Eleven entrepreneurs pitched their ideas for new businesses Saturday at Startup Jefferson City's annual Pitch It & Win It competition.
Now in its sixth year, the event was kickstarted by a group of small-business owners to reach other entrepreneurs in the community. First-, second- and third-place winners received a small amount of seed money and also got feedback and mentorship from judges, attendees and other presenters.
This year's first-place winner was Justin Neihart, with United Landscape Design on Country Club Drive, who had the idea of putting in a horticulture classroom at the business. The first-place winner got $2,500 in seed funding.
"We would like to utilize resources we currently provide, which is consulting and design techniques," he said. "We would like to present that in the form of a lab for families that want to know more about what's going on in landscaping."
Neihart said the classroom would be located at the business, and they hope it can be up and running by mid-spring.
Second place went to Angela Whitman, owner of Flowers From Nowherelse. The second-place winner was awarded $1,500. Whitman hopes to continue to grow her business, which has been getting noticed across the country thanks to social media.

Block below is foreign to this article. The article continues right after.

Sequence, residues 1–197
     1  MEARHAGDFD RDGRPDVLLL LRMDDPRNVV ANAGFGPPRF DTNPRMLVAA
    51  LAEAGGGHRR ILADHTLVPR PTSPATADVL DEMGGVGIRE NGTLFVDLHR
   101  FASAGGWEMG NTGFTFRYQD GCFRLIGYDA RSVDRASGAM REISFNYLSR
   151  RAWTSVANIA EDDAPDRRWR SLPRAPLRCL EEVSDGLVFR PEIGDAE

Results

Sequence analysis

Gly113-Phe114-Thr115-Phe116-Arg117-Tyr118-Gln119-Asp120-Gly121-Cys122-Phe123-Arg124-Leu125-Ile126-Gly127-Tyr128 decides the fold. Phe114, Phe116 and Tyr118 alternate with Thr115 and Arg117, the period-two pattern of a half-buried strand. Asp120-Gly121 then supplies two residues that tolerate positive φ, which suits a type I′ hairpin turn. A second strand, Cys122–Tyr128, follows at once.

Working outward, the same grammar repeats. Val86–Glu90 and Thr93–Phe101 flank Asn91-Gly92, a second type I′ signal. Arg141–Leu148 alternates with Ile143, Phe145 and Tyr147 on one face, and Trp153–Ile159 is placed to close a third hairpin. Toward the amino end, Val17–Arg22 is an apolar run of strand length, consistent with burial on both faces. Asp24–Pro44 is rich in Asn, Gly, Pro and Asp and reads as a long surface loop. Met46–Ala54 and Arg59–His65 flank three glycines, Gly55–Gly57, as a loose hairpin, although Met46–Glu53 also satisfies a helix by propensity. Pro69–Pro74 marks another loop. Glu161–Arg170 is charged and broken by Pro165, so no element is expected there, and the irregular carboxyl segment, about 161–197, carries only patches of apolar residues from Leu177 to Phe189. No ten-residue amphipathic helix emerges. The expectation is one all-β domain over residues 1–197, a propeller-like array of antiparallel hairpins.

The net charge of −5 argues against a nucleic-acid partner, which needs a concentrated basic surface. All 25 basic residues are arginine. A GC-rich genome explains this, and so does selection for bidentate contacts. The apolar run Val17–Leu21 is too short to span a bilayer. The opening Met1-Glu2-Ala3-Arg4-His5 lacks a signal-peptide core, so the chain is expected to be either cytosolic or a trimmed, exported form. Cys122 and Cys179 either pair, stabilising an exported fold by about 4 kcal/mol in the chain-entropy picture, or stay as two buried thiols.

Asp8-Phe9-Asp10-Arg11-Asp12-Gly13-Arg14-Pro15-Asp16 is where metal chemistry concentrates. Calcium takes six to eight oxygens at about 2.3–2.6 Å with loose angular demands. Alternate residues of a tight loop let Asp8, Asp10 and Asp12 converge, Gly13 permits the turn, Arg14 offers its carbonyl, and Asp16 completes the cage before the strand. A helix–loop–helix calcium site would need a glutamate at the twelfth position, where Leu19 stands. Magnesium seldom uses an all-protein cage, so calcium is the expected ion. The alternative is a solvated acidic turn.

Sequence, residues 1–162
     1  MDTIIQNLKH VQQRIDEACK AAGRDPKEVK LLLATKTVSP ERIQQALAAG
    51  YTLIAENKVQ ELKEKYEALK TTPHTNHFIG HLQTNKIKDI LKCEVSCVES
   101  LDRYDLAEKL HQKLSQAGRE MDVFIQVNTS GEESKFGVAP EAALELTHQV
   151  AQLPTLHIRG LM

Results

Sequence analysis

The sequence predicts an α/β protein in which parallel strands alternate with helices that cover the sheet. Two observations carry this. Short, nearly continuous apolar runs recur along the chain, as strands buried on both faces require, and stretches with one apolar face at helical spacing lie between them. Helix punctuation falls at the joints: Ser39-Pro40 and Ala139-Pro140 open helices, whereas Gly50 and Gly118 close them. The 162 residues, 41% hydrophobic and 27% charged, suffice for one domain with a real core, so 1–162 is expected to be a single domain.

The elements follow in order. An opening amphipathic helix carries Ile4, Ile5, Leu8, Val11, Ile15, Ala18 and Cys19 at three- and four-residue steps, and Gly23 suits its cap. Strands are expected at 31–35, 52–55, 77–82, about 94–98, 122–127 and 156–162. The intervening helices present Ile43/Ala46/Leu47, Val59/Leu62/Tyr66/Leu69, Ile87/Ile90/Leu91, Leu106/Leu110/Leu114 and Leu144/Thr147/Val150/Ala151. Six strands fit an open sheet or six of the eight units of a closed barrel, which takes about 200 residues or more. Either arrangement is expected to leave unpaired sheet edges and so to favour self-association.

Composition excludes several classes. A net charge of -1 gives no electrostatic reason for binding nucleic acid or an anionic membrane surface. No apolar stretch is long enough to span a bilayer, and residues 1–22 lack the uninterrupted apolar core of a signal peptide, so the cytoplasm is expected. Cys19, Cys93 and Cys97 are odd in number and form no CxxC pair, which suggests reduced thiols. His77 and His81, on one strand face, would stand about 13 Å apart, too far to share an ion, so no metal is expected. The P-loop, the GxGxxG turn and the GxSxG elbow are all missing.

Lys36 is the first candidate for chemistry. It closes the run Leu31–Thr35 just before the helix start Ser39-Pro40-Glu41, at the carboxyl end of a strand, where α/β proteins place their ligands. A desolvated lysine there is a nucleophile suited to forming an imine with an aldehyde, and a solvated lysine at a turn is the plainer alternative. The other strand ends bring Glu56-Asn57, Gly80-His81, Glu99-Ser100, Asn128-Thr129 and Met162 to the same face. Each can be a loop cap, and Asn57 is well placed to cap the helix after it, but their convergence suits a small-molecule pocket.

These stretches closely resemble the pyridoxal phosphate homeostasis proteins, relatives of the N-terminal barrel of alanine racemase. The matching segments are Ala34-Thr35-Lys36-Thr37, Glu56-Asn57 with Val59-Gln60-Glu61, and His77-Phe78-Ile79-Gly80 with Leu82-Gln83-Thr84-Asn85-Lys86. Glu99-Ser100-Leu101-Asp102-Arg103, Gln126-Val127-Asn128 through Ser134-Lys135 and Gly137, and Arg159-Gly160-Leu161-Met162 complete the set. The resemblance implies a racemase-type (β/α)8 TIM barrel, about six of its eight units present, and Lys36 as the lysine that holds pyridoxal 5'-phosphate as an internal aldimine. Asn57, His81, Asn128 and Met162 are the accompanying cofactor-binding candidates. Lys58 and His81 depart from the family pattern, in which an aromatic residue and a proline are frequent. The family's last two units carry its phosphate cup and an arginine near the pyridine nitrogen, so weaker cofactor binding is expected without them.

"I've been working for this moment for a long time," she said. "I'm just following what I love. This event was awesome to allow someone like myself to come in and talk about my products. I didn't come in here looking to win so I'm excited."
The Jefferson City Area Chamber of Commerce's Startup Jefferson City initiative and Rural Missouri Inc. partnered to host the event in the Capital Event Center on Ohio Street.
Pitch It & Win It began six years ago when local business leaders, including staff members at the chamber, looked for ways to find and connect the small pool of entrepreneurs in Jefferson City.
"What we were trying to do is first identify who these individuals are and lend them support up and above what was in place," said Shaun Sappenfield, manager of existing businesses for the Jefferson City Area Chamber of Commerce. "We put together a program to engage these entrepreneurs and support them."
Ten to 15 people participate each year.
Each participant had 10 minutes to present an idea and then 10 minutes to answer questions from a panel of local business professionals.
Sappenfield acknowledged the sums are not life-changing but do help ideas get off the ground. The point of the event, he said, is to allow entrepreneurs to pitch business ideas to other small-business owners and to connect with other entrepreneurs in Mid-Missouri.
"It's not about the money," he said. "We want to provide the knowledge to get these people to either make a decision and move forward and help them with that decision through knowledge or to say 'This doesn't look like a good idea.'"